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Dehydroepiandrosterone (DHEA)

By

Laura Shane-McWhorter

, PharmD, University of Utah College of Pharmacy

Last full review/revision Jan 2022| Content last modified Jan 2022
CLICK HERE FOR THE PROFESSIONAL VERSION

What is DHEA?

Dehydroepiandrosterone (DHEA) is a steroid produced in the adrenal glands and converted into sex hormones (estrogens and androgens). DHEA’s effects on the body are similar to those of testosterone. DHEA can be synthesized from some ingredients in the Mexican yam, but eating this plant is not recommended, because the human body cannot convert the ingredients to DHEA.

A synthetic version of DHEA is available as a tablet, capsule, powder, topical cream, and gel.

What claims are made about DHEA?

People take DHEA supplements to improve mood, energy, sense of well-being, and the ability to function well under stress. Other uses include the following:

  • Increasing sex drive

  • Deepening nightly sleep

  • Lowering cholesterol levels

  • Increasing muscle strength and bone mineral density

  • Decreasing body fat

  • Relieving depression

  • Improving the appearance of aging skin

  • Treating infertility in women undergoing assisted reproduction

In older men, body fat may be reduced. In older women with decreased adrenal gland function, DHEA may improve quality of life and depression, although there are probably more effective complementary and alternative medicine treatments.

Does DHEA work?

Many of the medicinal claims of DHEA have not been proved. However, some evidence indicates that it may relieve depression (although not as a first-line treatment), improve appearance of aging skin, and improve fertility in women undergoing assisted reproduction. Many athletes claim that DHEA builds muscle and enhances athletic performance, but the use of DHEA is banned by numerous professional sports organizations.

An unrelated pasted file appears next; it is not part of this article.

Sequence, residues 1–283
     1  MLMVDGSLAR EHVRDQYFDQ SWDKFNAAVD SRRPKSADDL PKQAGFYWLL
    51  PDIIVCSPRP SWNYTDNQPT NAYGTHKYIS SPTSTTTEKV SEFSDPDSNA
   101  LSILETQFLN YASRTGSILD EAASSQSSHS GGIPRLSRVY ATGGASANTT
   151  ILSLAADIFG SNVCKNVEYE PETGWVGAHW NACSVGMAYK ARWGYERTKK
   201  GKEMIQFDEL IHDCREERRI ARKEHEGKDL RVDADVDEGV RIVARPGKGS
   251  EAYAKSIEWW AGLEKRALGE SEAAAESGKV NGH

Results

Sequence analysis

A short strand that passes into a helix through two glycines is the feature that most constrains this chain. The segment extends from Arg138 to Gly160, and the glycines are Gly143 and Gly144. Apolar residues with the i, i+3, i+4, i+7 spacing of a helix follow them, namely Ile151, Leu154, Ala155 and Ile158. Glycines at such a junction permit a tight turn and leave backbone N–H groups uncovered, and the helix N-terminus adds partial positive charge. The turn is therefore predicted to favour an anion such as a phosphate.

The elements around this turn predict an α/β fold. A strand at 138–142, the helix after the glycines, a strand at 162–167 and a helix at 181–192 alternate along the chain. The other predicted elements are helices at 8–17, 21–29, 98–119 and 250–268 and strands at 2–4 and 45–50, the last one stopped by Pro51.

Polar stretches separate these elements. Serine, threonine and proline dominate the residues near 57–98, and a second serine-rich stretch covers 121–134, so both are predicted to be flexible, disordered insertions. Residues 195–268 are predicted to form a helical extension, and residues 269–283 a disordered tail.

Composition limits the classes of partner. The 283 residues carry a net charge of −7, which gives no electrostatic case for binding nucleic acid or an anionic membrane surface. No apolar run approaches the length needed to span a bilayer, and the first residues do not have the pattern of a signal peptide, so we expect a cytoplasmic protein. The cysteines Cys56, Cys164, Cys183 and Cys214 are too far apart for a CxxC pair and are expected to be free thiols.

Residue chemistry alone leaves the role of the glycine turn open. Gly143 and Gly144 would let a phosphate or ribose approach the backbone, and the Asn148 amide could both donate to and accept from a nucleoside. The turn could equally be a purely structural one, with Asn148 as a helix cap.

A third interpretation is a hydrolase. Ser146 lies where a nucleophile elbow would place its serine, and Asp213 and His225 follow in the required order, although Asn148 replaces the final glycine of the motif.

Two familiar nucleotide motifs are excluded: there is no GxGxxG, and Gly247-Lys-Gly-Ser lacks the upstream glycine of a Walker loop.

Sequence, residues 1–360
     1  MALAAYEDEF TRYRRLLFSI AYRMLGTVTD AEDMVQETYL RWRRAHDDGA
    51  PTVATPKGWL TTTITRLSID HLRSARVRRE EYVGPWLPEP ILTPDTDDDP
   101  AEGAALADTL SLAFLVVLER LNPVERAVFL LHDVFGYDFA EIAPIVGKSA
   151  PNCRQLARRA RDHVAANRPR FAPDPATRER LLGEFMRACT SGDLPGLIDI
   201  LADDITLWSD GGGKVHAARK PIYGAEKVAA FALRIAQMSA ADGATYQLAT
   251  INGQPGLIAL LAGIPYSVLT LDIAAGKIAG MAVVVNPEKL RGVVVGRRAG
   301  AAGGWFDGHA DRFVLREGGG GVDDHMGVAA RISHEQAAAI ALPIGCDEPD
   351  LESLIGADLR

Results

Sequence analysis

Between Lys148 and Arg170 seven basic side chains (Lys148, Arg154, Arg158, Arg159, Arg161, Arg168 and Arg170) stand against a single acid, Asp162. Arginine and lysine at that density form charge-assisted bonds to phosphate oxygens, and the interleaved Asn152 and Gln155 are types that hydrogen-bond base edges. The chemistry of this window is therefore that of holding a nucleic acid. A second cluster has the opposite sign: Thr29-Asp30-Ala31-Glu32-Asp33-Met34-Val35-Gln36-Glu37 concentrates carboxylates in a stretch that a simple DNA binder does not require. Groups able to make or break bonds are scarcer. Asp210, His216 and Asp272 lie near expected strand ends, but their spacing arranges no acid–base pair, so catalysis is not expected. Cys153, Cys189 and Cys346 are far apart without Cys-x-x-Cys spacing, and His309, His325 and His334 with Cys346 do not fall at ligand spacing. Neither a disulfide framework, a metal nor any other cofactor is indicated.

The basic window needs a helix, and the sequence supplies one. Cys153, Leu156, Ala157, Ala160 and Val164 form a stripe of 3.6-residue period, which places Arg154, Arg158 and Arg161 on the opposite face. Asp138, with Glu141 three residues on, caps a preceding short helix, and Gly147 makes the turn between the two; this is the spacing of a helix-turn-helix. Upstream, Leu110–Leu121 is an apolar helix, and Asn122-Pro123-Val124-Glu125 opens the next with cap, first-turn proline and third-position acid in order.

What are the possible side effects of DHEA?

Theoretically, DHEA may result in acne, headache, mood changes, breast enlargement in men, and hairiness in women. It may decrease HDL cholesterol (the good cholesterol), and worsen polycystic ovarian syndrome (PCOS). It also may stimulate the growth of prostate, liver, and breast cancers. However, these effects have not been substantiated.

What drug interactions occur with DHEA?

DHEA may increase bleeding in people taking anticoagulants. DHEA has triggered mania in people taking antidepressants. DHEA may antagonize the anti-estrogenic effects of tamoxifen, aromatase inhibitors (such as anastrozole), and fulvestrant. DHEA may increase the concentrations of triazolam (a benzodiazepine used for sleep), and decrease the effectiveness of bacillus Calmette-Guérin (BCG) vaccination for tuberculosis.

Recommendations

DHEA supplements are usually not recommended because the claimed benefits have not been proven and harmful side effects, as well as several drug interactions, are possible. Use by athletes is typically banned. Children should not use DHEA.

Drugs Mentioned In This Article

Generic Name Select Brand Names
SOLTAMOX
ARIMIDEX
FASLODEX
HALCION
NOTE: This is the Consumer Version. DOCTORS: CLICK HERE FOR THE PROFESSIONAL VERSION
CLICK HERE FOR THE PROFESSIONAL VERSION
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